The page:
Information Governance

The History of American Data Privacy

Data Privacy Day 2019

graphic for Data Privacy Day 2019 blog

Today is Data Privacy Day, which marks the anniversary of International Data Protection Treaty Convention 108. However, the legal struggles to give people the right to safeguard their personal information long predate the Convention – and even the computer. In America alone, data privacy has a long, winding, and storied history.

Data privacy in the 19th century

One of the major privacy concerns of early 19th century America was the unreliability of private mail. Several of the Founding Fathers were wary that letters they sent would be read by a postal officer before they reached their recipient. In a letter to John Taylor, Thomas Jefferson once wrote: “I owe you a political letter, yet the infidelities of the post office and the circumstances of the times are against my writing fully & freely”.

The 1877 case Ex parte Jackson, which dealt with mail being inspected on suspicion of containing illegal lottery tickets, resulted in the Supreme Court ruling that “sealed” mail like letters and packages could not be opened by the government without a warrant.

The 20th century and the rise of the computer

As computers became more affordable and capable of storing larger amounts of information, experts knew that these machines, which would soon form the backbone of the world infrastructure, required oversight.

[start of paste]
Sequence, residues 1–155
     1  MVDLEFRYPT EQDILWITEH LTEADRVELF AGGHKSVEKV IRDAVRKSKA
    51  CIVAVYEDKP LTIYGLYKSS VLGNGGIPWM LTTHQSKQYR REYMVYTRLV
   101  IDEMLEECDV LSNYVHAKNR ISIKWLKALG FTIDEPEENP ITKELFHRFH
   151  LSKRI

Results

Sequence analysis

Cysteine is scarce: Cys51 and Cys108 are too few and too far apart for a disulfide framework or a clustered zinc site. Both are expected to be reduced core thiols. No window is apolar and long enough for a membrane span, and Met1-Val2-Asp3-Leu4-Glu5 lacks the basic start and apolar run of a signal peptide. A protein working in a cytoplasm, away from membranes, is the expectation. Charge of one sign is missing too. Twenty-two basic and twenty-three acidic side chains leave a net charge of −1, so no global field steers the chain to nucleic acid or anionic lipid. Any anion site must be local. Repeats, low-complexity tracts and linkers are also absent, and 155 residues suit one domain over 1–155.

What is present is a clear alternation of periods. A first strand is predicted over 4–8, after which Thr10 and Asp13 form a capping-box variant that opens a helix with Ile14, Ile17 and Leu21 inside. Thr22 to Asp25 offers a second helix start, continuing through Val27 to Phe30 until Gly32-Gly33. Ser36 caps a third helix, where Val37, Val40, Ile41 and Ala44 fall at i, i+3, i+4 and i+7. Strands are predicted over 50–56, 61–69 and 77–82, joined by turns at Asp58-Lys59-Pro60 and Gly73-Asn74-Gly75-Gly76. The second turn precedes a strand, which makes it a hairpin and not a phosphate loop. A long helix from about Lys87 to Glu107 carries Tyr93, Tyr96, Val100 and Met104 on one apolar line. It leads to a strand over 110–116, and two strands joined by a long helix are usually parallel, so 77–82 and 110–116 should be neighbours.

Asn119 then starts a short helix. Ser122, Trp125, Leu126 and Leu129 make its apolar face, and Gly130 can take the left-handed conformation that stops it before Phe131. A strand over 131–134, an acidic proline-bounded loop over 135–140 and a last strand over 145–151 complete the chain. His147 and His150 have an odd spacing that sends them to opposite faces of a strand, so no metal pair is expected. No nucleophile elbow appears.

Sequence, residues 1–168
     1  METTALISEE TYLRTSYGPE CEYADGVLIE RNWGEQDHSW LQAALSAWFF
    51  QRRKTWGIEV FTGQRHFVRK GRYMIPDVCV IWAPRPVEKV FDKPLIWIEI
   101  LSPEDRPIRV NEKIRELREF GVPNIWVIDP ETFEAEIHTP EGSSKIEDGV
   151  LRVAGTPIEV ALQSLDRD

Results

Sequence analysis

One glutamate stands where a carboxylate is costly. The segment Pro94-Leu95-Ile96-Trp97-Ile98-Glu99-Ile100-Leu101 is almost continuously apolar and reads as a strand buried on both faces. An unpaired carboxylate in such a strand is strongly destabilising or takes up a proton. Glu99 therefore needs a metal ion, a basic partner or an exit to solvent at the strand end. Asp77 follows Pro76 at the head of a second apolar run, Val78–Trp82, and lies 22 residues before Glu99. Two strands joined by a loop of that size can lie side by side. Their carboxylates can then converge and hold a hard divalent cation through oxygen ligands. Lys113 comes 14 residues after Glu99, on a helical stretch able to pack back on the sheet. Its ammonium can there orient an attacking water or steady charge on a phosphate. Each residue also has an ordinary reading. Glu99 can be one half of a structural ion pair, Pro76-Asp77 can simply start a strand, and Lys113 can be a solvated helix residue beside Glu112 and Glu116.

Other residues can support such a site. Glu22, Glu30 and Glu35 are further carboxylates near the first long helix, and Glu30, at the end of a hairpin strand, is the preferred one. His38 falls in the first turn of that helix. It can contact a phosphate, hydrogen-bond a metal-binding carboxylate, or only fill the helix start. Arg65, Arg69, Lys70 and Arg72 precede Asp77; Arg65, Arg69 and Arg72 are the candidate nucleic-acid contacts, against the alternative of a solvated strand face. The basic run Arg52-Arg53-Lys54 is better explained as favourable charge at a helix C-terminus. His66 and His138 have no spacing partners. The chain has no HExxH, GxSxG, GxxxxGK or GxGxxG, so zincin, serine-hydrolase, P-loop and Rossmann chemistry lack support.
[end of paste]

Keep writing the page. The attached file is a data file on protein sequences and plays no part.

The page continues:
In 1973, the US Department of Health, Education, and Welfare published a report titled “Records, Computers, and the Rights of Citizens.” While not actual legislature, the report predicted much of the privacy challenges of the latter half of the century, including the use of the Social Security Number as a universal identifier.

The report also suggested a Code of Fair Information Practice, containing principles like “there must be a way for an individual to find out what information about him is in a record and how it is used” and “there must be a way for an individual to prevent information about him that was obtained for one purpose from being used or made available for other purposes without his consent.” This would lay the initial groundwork for concrete privacy legislation in the coming decades.

Challenges of the 21st century and beyond

The battle over data privacy has become more critical as an ever-growing amount of data has become essential in our lives. The California state legislature recently passed AB 375, a bill that regulates privacy and collection similarly to the GDPR; a federal version, spurred on by support from industry leaders like Tim Cook, may soon arrive on the Congressional floor.

Though the scale and scope of data has changed vastly from the era of Ben Franklin’s mail service, the essential challenge remains: How to protect personal information from breaches and exploitation. This Data Privacy Day, take the opportunity to ask yourself if your company is trying its best to achieve this goal. If not, we can help.

I'm a Bay Area native who enjoys writing about the endlessly fascinating field of information governance. In my spare time, I enjoy making board games, baking, and attempting to convince everyone I know to watch The Genius.